One of the great surprises of my first presidential campaign, back in 1960, came on the final morning of the Democratic National Convention in Los Angeles. Cecil Holland, a colleague at the old Washington Star, burst into our work space, having discovered from his sources that Lyndon Johnson had just accepted John Kennedy's offer of the vice presidential nomination.
Barely 48 hours earlier, Kennedy and Johnson had tangled in a spirited debate before the Massachusetts and Texas delegations, continuing a fight that had started years before on the Senate floor and wound through that whole spring and summer. At times, it got really nasty, with India Edwards, a Johnson supporter, peddling the rumor (which later turned out to be true) that Kennedy was suffering from Addison's disease.
Ever since, it has always seemed the better course of wisdom not to dismiss the possibility of rivals for the presidency ending up on the same ticket. It happened again just four years ago, when John Kerry chose John Edwards as his running mate.
But with all necessary cautions, the talk of Hillary Clinton and Barack Obama winding up as partners seems truly far-fetched.
I thought that was the case well before Monday, when Obama labored to shoot down the speculation while campaigning in Mississippi. He was responding to a series of comments from both Clintons. The former president speculated that together, his wife and Obama would be "an almost unstoppable force." Earlier, Mrs. Clinton had remarked that she had heard people say of her and Obama, " 'I wish I could vote for both of you.' Well, that might be possible someday."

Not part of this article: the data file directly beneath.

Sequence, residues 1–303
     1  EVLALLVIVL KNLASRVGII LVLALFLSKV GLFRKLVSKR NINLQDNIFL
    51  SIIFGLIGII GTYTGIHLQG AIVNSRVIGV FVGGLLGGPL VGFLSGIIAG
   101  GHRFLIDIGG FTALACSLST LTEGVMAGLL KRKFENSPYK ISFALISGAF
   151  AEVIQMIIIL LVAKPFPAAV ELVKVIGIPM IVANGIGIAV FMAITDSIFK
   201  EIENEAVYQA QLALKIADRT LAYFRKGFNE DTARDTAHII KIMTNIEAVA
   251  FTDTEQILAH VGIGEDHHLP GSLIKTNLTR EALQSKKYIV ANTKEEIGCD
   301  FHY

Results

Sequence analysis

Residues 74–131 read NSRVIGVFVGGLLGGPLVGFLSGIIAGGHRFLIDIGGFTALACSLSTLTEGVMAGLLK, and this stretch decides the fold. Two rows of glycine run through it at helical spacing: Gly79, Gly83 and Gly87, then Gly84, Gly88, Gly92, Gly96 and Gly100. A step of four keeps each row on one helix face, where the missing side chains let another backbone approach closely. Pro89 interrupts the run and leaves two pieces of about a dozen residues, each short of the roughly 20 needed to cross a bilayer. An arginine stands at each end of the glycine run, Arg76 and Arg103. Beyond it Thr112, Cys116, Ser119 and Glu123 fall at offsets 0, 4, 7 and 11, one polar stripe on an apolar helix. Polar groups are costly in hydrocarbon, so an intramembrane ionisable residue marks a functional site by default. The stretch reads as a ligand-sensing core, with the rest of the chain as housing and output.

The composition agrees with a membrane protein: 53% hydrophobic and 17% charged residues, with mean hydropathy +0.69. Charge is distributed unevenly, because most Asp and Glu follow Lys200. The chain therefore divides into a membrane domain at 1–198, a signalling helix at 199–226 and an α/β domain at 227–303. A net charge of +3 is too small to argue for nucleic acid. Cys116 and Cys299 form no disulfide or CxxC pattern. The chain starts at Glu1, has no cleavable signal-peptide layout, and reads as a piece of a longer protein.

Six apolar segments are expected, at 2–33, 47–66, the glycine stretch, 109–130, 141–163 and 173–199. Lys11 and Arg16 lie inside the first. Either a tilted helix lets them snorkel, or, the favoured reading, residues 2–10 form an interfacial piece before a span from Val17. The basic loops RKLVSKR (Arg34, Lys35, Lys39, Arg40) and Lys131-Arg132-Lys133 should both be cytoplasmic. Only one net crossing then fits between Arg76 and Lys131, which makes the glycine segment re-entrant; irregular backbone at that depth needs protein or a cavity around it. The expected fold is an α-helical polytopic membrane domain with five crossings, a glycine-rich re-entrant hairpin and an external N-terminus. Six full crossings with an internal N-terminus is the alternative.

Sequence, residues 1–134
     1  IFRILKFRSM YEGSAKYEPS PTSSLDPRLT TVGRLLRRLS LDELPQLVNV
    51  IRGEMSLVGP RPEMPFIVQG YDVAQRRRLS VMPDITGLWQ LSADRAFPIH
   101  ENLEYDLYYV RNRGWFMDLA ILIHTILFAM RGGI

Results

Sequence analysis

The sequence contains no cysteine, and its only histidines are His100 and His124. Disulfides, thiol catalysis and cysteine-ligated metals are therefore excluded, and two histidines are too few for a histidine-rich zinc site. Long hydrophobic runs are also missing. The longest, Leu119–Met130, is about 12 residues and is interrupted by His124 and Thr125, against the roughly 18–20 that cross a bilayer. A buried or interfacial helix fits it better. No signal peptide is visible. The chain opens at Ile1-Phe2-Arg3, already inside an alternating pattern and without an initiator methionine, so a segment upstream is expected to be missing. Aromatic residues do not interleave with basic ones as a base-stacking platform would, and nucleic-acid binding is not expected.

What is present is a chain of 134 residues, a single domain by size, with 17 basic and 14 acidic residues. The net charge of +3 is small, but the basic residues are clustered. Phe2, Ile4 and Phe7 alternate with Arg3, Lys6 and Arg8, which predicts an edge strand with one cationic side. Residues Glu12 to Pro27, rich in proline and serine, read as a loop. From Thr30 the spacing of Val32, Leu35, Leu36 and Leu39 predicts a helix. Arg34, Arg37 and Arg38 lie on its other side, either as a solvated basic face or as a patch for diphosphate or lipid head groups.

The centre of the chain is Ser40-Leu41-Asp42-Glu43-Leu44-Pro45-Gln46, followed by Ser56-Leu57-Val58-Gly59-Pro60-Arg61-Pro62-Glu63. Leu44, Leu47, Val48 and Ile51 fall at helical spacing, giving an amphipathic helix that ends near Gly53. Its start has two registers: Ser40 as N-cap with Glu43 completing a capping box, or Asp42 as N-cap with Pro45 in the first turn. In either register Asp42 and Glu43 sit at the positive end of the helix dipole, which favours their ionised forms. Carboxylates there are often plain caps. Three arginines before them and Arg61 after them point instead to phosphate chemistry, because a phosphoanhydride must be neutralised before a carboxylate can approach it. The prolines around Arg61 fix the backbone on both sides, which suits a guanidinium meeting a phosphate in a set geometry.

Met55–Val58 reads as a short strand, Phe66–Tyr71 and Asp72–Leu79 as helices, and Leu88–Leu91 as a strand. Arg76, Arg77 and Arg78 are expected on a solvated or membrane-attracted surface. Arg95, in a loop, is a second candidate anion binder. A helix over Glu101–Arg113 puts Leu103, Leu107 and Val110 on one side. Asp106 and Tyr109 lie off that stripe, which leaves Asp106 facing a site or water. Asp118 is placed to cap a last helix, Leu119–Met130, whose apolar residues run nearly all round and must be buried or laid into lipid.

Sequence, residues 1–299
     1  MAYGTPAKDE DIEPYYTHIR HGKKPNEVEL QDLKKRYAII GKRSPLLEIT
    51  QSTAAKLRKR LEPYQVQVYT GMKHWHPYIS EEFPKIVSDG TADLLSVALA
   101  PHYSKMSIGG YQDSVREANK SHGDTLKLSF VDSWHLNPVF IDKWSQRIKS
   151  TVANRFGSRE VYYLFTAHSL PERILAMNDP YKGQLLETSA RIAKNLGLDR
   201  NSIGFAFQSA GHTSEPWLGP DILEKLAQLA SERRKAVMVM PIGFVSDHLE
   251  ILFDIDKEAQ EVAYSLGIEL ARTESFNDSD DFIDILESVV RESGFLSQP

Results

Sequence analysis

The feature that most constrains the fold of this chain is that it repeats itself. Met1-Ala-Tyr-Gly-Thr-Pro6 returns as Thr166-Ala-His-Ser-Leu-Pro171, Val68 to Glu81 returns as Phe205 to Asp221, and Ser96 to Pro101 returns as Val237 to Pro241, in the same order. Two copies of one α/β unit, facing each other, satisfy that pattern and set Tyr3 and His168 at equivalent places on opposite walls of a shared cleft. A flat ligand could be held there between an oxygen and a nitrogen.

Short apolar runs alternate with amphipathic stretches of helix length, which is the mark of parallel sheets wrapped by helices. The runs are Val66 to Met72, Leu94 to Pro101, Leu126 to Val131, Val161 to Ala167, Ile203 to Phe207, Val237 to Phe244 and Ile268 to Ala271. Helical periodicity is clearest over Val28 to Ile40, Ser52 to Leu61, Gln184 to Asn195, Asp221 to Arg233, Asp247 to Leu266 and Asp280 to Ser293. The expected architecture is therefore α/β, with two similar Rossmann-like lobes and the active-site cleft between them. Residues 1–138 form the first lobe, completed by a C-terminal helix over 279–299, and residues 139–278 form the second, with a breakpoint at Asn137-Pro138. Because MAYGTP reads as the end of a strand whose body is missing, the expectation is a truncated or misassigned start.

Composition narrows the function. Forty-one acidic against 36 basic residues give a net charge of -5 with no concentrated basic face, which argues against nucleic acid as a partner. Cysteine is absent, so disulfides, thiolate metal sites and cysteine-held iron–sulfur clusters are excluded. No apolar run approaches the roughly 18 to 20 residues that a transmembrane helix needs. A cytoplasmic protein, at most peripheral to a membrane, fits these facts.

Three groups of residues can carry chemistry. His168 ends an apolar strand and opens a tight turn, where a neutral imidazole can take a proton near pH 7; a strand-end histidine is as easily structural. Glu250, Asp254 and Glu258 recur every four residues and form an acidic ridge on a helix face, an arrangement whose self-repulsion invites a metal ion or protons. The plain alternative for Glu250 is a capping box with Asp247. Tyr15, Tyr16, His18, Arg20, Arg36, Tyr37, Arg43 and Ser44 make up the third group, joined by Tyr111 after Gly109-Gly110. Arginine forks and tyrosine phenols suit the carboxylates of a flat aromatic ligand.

Plainly irritated by the suggestion that he might need, or accept, a favor from his rival, Obama said Monday, "I don't know how somebody who's in second place (in delegates and popular votes) is offering the vice presidency to somebody who's in first place."
Such vows are standard while the contest is still on. But judging from what I was told in a canvass of both the Clinton and Obama camps, there is good reason to believe this pairing will never occur. Even if the long campaign does not leave bruised personal feelings, practical considerations for both candidates argue strongly against such a deal.
For Clinton, partnering with Obama, with him on top of the ticket, would either leave her part of a defeated pair in a party that is not generous with second chances or, if they won, probably lock her out of a presidential race until 2016.
Knowledgeable Democrats see at least two more-attractive options for her. One is to return to the Senate, where she is popular and potentially in line to be majority leader, a position with real power. The other is to go back to New York, where Eliot Spitzer's resignation as governor leaves a potential opening for a new candidate in 2010.
As for Obama, many of the same arguments apply. He is less enamored of the Senate than is Clinton, but it could provide a comfortable resting place, for four or eight years. Or he could go back to Illinois and run for governor in 2010, when incumbent Democrat Rod Blagojevich would face a third term.
Obama would be a heavy favorite over Blagojevich or anyone else in a primary and over the nominee of the beleaguered Illinois GOP. And winning the governorship would provide the executive experience that may be the biggest gap in his resume.
But there is an even better reason for Obama to shun an offer from Hillary Clinton. With Bill Clinton poised to move back if his wife becomes president, the White House West Wing will be a miserably crowded place. There are almost always jealousies and tensions between the president's staff and the vice president's. But add in Bill Clinton's ego and entourage, and serving there for Obama would really be cruel and unusual punishment.
David Broder's e-mail address is firstname.lastname@example.org.
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